It’s a new month, which means it’s time to check in with my finances.
Here’s a YNAB chart illustrating my net worth, which is $97,283.52 as of this morning:
Currently, my investment balances total $85,296.36, divided as follows:
- Vanguard brokerage account: $6,401.14
- Vanguard traditional IRA: $12,078.77
- Vanguard rollover IRA: $45,534.32
- Vanguard SEP IRA: $6,484.87
- Vanguard Roth IRA: $6,685.68
- TIAA annuity: $5,348.99*
- Health savings account: $2,744.59
The big gamechanger this month was the money I put in my brand-new SEP IRA: $500 for 2019, and $6,000 for 2018. The latter investment came from money that was part of The Billfold LLC account, which is much better off invested in a SEP IRA than taxed (though it will be taxed eventually).
In case you’re curious, it has cost The Billfold LLC $1,399 to shut itself down so far. This money includes CPA and legal fees, and there is at least one more payment coming as I file the final paperwork. That money also came out of The Billfold LLC account.
I received $5,135 in freelance checks in February, and earned $12.24 in publishing royalties from Amazon. I spent $1,212.15 on personal expenses (rent, bills, food, fun, donations, etc.) and $187.33 on freelance business expenses, not including money put into investments or set aside for taxes.
According to my financial independence forecaster, I should hit FI in 12 years and one month. However, now that I am no longer giving the majority of my time to The Billfold, I’ve been able to take on several higher-paying long-term assignments, which means I’ll probably be able to save and invest additional earnings (especially in my SEP IRA, which can absorb up to 25% of my freelance earnings as tax-deductible contributions).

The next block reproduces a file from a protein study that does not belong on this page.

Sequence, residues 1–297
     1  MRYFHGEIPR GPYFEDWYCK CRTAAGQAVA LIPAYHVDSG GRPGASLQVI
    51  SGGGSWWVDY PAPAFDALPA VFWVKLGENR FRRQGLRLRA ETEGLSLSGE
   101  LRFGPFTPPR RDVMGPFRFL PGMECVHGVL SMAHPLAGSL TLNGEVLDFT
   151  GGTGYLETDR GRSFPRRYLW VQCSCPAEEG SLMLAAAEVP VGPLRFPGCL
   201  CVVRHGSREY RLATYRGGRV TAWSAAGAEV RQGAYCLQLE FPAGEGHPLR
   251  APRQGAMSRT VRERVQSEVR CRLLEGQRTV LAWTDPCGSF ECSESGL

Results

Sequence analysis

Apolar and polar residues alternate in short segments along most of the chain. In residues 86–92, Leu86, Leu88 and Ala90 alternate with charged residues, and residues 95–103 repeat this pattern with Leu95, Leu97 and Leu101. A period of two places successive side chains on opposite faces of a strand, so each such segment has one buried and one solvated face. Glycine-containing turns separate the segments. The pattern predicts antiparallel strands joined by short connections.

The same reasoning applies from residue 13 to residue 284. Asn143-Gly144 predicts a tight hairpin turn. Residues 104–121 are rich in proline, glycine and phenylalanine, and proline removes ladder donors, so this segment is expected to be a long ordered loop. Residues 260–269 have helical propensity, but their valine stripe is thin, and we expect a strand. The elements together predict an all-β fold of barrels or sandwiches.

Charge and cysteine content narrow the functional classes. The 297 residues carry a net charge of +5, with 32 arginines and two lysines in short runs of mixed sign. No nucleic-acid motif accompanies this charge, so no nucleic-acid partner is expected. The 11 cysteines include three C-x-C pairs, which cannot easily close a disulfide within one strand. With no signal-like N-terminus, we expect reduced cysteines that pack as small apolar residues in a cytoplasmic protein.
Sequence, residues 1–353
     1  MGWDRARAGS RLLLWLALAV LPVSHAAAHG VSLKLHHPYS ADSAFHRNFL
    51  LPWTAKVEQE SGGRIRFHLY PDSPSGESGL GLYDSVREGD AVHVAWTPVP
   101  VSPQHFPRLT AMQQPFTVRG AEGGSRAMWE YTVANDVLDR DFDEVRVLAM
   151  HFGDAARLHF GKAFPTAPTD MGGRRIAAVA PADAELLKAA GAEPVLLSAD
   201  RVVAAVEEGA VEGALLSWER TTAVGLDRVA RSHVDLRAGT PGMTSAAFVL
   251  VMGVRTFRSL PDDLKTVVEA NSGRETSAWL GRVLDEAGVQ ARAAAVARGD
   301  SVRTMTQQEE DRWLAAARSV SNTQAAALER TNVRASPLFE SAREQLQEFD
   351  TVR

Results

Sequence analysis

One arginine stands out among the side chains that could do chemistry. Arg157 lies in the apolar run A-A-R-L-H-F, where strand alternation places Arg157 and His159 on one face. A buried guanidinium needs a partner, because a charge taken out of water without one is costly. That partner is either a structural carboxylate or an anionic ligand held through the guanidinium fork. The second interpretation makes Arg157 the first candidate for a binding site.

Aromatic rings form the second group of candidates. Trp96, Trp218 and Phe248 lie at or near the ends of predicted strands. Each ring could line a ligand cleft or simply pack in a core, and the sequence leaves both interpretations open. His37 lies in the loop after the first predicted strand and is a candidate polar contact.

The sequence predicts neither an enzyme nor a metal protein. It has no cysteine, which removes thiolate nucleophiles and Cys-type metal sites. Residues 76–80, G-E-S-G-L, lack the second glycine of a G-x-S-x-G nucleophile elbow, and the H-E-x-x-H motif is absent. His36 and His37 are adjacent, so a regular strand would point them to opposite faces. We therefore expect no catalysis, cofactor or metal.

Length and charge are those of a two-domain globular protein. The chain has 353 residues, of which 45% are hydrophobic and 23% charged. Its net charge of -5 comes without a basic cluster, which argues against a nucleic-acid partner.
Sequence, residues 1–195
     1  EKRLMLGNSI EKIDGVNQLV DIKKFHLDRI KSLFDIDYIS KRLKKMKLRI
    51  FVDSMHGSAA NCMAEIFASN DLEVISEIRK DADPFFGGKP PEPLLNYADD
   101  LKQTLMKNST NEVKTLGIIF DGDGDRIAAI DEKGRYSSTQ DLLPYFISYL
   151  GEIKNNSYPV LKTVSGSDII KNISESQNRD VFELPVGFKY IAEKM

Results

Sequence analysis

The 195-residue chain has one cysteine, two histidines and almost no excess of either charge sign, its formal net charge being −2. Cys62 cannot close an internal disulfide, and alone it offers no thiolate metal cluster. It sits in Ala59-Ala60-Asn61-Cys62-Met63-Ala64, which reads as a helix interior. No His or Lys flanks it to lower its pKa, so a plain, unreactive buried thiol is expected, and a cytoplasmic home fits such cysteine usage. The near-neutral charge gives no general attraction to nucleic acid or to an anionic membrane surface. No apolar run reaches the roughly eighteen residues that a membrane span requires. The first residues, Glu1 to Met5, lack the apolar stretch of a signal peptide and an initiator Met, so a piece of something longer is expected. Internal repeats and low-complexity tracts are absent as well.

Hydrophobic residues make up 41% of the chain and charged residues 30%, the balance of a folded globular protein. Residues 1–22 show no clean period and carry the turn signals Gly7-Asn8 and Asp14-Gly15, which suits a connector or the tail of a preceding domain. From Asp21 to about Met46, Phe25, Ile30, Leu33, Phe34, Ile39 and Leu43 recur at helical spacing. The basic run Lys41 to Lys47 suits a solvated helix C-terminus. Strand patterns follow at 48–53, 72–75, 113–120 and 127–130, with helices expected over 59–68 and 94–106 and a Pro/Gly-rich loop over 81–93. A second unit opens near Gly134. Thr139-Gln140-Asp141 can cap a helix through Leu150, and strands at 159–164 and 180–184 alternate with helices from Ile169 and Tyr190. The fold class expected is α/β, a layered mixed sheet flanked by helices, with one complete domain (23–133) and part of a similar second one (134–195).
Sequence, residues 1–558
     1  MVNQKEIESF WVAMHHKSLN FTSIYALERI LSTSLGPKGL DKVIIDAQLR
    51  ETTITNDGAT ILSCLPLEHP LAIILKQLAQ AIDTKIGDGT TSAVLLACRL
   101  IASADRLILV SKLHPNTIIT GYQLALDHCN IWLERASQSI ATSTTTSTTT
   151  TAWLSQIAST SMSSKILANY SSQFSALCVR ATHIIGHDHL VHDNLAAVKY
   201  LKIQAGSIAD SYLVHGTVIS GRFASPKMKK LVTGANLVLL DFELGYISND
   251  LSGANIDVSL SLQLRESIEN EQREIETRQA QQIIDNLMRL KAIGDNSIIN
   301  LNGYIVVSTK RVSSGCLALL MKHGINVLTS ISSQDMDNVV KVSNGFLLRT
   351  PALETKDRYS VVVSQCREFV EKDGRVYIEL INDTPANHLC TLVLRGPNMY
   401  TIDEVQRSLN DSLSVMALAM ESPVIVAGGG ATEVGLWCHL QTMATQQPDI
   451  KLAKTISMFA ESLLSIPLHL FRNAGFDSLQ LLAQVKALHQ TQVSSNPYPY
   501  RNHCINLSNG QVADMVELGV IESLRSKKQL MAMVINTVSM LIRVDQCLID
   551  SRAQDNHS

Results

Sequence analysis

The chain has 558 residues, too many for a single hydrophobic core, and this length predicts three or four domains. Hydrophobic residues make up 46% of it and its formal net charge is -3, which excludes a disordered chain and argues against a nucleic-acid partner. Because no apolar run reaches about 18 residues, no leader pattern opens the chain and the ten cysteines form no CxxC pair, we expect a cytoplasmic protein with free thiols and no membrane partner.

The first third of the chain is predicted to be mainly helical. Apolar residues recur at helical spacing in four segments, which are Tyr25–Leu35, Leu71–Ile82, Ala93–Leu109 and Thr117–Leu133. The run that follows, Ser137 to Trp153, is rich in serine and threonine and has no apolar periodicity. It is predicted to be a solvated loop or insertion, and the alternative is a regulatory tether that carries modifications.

So I’m very interested to see whether that forecasting number changes by the end of March.
Why am I telling you all of this? Because I’ve been transparently sharing my finances online since 2012, when I was making $500 a week as a brand-new freelancer.
Because I want to present a realistic picture of what a mid-career freelancer (and author, and teacher) can earn.
Because I know that the type of freelancing work I’m doing won’t last forever — the internet might fundamentally change, robots might start grabbing all of the good copywriting jobs, companies might want to work with younger freelancers who know all the dank memes — and so I’m investing in my future by trying to save as much money and grow my net worth as quickly as possible. Even if I don’t hit financial independence, being able to set money aside while I have the privilege to do so will give me more choices in the future.
So that’s my March financial summary.
We’ll check back again in April.
*When I worked as an executive assistant for a non-profit, I invested in a TIAA 403(b). I was able to roll everything over into a Vanguard rollover IRA except for this one non-rollable TIAA annuity that TIAA told me I’d have to keep until I retire, I guess. If anyone has any suggestions on how to get that money out of TIAA and into Vanguard, let me know.